Data Dive

The Hagerty Market Rating just hit a new high, which is even wilder than it sounds

by Adam Wilcox
18 February 2022 3 min read
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The word “unprecedented” gets thrown around a lot these days. How else are we supposed to describe what is happening in the world?

After a year-long buying frenzy and record breaking auctions at Kissimmee and Scottsdale last month, the classic car market is receiving the same level of bewilderment. But, here at Hagerty, we’ve been keeping a close eye on the classic car market for decades—even going as far as creating our own Hagerty Market Rating. This gives us the unique ability to look at the “unprecedented” heat of the classic car market and see some, um, precedent.

The Hagerty Market Rating conveys the performance of the classic car market as a 0-to-100 number. The higher the number, the hotter the market. The Rating is calculated through a comprehensive algorithm of fifteen weighted measures including the Hagerty Price Guide, auction transactions, insurance data, opinion from industry experts, and the world’s largest database of private sale transactions. A detailed explanation can be found here.

Since its inception in 2007, the Hagerty Market Rating has never been as high as it is now. What’s more surprising is the exponential growth since the pandemic. After hitting a 5-year low in September 2020, the market rating jumped nearly 16 points in just 17 months.

That may not sound like news—we've all seen the prices at auction of late. Yet it's notable because the Market Rating is designed to take those headline sales with a grain of salt. Those of you who took statistics in high school might remember the bell curve distribution. The (very) boiled down refresher is that certain numbers in a dataset are more probable than others. In baseball, a hitter at the bottom of the lineup might have a .100 batting average, and a hot lead-off man might be hitting .350; most players, however, are going to fall around .265. For the collector car market, we assume the probable performance, as represented by the Market Rating, will be "flat." So, the higher the rating goes, the more market activity it takes to keep moving the number up. The inverse is also true—it takes more than a few poor showings at auction to crank the needle to 0.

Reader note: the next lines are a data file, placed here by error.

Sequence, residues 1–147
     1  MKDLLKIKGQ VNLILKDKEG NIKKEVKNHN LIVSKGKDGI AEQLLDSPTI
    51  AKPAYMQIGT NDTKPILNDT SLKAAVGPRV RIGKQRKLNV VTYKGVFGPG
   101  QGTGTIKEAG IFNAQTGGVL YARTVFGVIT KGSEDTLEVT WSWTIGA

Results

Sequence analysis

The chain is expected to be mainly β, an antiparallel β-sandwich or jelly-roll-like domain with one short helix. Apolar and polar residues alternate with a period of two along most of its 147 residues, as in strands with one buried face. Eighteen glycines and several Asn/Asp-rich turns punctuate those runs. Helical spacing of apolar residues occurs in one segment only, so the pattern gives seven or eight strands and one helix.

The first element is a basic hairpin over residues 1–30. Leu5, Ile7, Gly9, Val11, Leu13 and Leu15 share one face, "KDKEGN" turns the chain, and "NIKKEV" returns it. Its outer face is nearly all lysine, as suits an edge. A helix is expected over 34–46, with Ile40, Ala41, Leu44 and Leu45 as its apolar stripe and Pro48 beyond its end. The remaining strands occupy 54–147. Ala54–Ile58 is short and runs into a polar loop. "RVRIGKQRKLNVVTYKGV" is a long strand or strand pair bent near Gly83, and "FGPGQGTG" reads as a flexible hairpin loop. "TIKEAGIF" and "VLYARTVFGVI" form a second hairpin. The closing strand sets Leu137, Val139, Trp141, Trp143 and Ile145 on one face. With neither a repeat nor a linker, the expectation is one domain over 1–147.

The only other time we've seen growth like this was after the Rating hit its all-time low in December 2009 (47.4). When it then grew 14.4 points in 19 months, it was assisted by the Market Rating's desire for balance. The growth in the early 2010s was mostly a market correction after the Great Recession and resulting drop in the classic car market. The Rating then went on to grow slowly for the next several years to its previous high point in May 2015 (71.9).

Similar to the peak in 2015, nearly all 15 components are contributing to the current strength of the Market Rating— four of which are currently at an all-time high.

Those components include "correlated instruments," which measures the health of the economy through a combined look at housing prices, retail sales, gold and the S&P 500; auction and private sales activity, which has broken previous records as the volume and average prices have skyrocketed; and the Hagerty Price Guide, where median #3 condition values have never been higher.

These are the same components that led to the peak in 2015, but what's different is the velocity. In the previous peak, it took more than three years for the rating to move from 60 to 70. Now, it did that in a third of the time. Last month, the Market Rating jumped nearly 3 points, the second largest single month jump ever. What makes the most recent exponential growth even more impressive is that it occurred when the Rating was already above 60—the "Expanding Market" range—where the any further Market Rating growth needs even more increased market activity.

Those of you who follow along regularly might be wondering how the Market Rating can be so hot when the 300SL Index is trending down. The answer is that they're probably both right but look at different things. Stocks can be up, but average wages can be down. What matters, at the end of the day, is your wallet and, in the case of collector cars, your garage.